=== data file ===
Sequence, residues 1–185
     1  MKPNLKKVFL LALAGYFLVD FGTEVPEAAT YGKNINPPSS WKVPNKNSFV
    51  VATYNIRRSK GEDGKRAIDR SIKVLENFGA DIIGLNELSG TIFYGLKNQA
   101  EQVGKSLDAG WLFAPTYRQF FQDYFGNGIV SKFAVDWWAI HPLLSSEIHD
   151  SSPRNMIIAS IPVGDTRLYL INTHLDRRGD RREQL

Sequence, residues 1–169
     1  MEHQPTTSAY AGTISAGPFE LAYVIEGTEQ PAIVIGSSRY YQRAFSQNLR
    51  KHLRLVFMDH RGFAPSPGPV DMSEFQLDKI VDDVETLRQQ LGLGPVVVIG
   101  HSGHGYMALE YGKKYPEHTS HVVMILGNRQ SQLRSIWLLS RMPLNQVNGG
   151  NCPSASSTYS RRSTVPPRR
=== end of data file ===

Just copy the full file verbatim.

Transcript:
Sequence, residues 1–185
     1  MKPNLKKVFL LALAGYFLVD FGTEVPEAAT YGKNINPPSS WKVPNKNSFV
    51  VATYNIRRSK GEDGKRAIDR SIKVLENFGA DIIGLNELSG TIFYGLKNQA
   101  EQVGKSLDAG WLFAPTYRQF FQDYFGNGIV SKFAVDWWAI HPLLSSEIHD
   151  SSPRNMIIAS IPVGDTRLYL INTHLDRRGD RREQL

Sequence, residues 1–169
     1  MEHQPTTSAY AGTISAGPFE LAYVIEGTEQ PAIVIGSSRY YQRAFSQNLR
    51  KHLRLVFMDH RGFAPSPGPV DMSEFQLDKI VDDVETLRQQ LGLGPVVVIG
   101  HSGHGYMALE YGKKYPEHTS HVVMILGNRQ SQLRSIWLLS RMPLNQVNGG
   151  NCPSASSTYS RRSTVPPRR